Kearny pointed the rifle right toward the tornado as I felt the van bump and nearly lift out of the air. “I think we hit something,” I said as we kept wobbling on the right side. But he was ignoring me, and with a look of satisfaction on his face; he fired a shot straight toward the twister.
I heard a scream, it sounded like a banshee howling. It was coming from the storm. “Give me another. We need to make sure!!” he snapped passing the gun back to his cameraman. Martin loaded it up again and then looked toward me as I turned my eyes away from the road. “Dillion! Watch out!!”
I swerved to avoid a billboard, the van hitting stalks of corn as the tornado ripped the massive metallic structure to shreds and Mister Kearny clutched the roof. In those few moments I lost control of the wheel.
The storm was nearly right on top of us, one of the billboards pylons had come smashing down a few feet from the van as Mister Kearny climbed back inside and slammed the hatch shut.
“We need to get out of here, step on it Dillion!” Olivia shouted. “We’ve already blown a tire!“
“We’re so close!” Her father growled as the screaming grew louder. “I can do this!”
Before we got a chance to object, the backdoor to the van swung open and flung itself into the storm. It was barely hanging on. Then he raised the gun again, and fired another shot.
This time there was no mistaking the shrieks that we heard. A rumble filled the air. I saw streaks of lightning cross the funnel and something move from within.
“What the hell is that?” I shouted.
Suddenly more debris began to rain down on us as Olivia pushed my leg down and muttered, “Drive god damn it!!”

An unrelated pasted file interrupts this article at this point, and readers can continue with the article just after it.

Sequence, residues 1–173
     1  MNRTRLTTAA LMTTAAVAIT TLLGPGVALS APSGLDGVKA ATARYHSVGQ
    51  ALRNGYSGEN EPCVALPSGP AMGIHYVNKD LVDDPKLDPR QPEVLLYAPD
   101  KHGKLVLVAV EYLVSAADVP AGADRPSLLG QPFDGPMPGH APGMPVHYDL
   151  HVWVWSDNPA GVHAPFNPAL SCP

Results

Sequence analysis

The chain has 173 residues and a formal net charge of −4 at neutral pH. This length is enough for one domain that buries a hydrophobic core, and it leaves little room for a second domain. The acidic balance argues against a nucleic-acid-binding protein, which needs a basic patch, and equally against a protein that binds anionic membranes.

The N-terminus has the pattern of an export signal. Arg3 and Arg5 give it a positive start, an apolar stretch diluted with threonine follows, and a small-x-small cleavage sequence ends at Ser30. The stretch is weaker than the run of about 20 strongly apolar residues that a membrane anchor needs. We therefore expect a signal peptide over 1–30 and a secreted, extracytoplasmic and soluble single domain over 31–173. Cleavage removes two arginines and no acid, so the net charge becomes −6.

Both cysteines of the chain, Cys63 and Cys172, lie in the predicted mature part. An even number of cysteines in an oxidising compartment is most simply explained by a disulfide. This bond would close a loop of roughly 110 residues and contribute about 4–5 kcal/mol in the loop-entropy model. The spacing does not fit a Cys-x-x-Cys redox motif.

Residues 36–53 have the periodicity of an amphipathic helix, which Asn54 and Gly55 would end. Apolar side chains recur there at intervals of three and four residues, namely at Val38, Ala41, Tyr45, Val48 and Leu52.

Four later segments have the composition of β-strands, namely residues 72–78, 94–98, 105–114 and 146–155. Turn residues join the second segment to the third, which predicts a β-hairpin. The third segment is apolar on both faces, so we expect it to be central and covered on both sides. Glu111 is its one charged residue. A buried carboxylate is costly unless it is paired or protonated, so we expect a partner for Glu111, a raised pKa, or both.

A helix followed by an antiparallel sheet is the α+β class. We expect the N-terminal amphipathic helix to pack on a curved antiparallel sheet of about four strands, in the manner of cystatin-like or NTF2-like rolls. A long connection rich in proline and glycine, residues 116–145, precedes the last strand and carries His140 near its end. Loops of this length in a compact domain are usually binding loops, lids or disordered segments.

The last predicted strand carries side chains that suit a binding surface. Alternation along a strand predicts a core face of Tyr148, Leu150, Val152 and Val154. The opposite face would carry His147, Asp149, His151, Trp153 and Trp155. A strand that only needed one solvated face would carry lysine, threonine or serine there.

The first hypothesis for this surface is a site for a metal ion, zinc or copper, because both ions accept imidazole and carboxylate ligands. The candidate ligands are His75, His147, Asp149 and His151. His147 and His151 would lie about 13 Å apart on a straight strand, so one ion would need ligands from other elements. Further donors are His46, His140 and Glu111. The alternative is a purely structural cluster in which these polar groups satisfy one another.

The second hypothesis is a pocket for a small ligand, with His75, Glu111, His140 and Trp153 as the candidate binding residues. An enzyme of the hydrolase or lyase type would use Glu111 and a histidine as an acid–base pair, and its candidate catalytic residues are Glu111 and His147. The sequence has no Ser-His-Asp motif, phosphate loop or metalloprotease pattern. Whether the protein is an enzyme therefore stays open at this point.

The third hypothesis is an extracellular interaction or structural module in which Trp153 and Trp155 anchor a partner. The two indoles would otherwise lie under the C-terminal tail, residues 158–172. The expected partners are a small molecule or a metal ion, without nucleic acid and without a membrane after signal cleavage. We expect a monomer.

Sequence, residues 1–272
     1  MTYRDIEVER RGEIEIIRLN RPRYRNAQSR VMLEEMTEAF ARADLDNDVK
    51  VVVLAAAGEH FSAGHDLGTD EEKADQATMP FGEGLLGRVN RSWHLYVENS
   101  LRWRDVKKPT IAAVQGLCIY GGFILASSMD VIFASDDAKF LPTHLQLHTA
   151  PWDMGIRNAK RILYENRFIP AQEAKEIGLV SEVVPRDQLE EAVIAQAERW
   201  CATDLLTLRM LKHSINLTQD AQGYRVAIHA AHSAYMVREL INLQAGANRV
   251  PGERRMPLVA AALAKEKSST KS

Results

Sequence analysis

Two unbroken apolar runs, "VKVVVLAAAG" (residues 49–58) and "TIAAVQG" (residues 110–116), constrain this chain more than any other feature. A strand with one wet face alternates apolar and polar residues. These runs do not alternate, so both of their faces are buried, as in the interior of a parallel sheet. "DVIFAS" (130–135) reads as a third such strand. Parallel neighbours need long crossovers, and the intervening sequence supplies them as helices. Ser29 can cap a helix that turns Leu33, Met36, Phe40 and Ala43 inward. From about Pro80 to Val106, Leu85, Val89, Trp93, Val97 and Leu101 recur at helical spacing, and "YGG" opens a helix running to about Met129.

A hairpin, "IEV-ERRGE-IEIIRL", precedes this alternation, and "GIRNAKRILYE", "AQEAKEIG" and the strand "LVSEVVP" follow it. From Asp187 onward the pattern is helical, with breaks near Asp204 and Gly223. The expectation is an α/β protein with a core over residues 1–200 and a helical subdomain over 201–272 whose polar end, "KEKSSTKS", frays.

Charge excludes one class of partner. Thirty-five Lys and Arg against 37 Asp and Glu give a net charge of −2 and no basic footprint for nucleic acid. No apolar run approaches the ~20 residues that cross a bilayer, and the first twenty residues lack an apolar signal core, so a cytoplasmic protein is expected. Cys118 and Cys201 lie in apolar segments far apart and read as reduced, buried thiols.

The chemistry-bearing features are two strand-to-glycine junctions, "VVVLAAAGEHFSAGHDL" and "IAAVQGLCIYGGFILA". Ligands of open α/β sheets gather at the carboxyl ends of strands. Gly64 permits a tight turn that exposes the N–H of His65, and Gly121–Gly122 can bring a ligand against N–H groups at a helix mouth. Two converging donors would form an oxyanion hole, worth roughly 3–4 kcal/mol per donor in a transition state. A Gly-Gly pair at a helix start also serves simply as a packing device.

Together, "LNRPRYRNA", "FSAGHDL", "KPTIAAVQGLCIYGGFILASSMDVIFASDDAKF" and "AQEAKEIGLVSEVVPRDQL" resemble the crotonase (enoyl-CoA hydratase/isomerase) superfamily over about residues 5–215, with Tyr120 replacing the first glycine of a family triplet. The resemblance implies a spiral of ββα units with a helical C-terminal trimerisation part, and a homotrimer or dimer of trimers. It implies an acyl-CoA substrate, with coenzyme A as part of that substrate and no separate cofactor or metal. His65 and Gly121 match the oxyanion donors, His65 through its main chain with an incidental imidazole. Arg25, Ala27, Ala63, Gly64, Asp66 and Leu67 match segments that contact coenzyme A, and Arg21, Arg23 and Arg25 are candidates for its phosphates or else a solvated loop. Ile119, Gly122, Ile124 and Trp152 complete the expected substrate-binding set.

The other door to the van was flung open and dangling as well as we made it to the highway. Then from amid the storm something spun out and hit the road behind us like a rocket.
“I need the rope! Martin!!” Mister Kearny shouted anxiously. A moment later the two of them had prepared the harpoon gun and I watched from the rear view mirror as the thing from the storm began to move.
It was about the size of two grown men. It’s body was like that of a overgrown toad with its legs twisted backward and it had two extended arms that resembled that of a praying mantis.
Just as it stood up, I saw from its back long thin bony wings extend toward the heavens. Then it shrieked and it started toward the van.
“Don’t stop!” Olivia told me as I drove around the downed power lines. The damaged tire causing the van to bump and grind on the road.
The creature screamed and flew toward us with lighting speed. It’s long claws smashing against the road like boulders hitting the pavement and knocking up more debris.
Martin lifted the heavy harpoon gun and took aim. “I need you to keep straight!” he demanded. I clenched the wheel again, doing my best to comply as sweat rolled down my face.
Suddenly the creature was on the roof of the van, it’s claws smashing and thrashing at us like we were a tinker toy. I twisted the wheel to try and throw it off, our tires skidding and our vehicle went spinning. Martin dropped the gun and the massive flying monster slashed straight into his right shoulder.
The cameraman screamed out and Olivia fumbled to grab the harpoon gun as the creature shrieked and prepared for a second strike. It was all over in a matter of seconds. Olivia fired the weapon straight at the creature’s face as Mister Kearny let out a few rounds. It fell from the back of the moving vehicle with a thud.
Martin collapsed in pain in the passenger side as Mister Kearny shouted out a few colorful words in victory.
“Turn us back around,” he ordered. This time I made sure the look I gave him told him I thought he was crazy.
But just as I was about to make an objection I saw that the funnel cloud had dissolved. The sky was clear. All that remained was a path of death and a severely wounded monster.
I pulled the van up right beside it to get a good look. The thing had skin as grey as the storm, with strange rows of teeth where it’s eyes might have been. It had a face like that of an angler fish and a disjointed spine that seemed to not be fully formed. It was breathing in and out rapidly, the way any dying animal might.
Mister Kearny hopped out, chuckling to himself softly as he grabbed the other harpoon. Then he slammed the second sharp prong straight into the creature’s skull.
Once the monster lay still, he looked toward me and Martin and gave a nod of approval.
“Wrap it up boys. Time to go home.”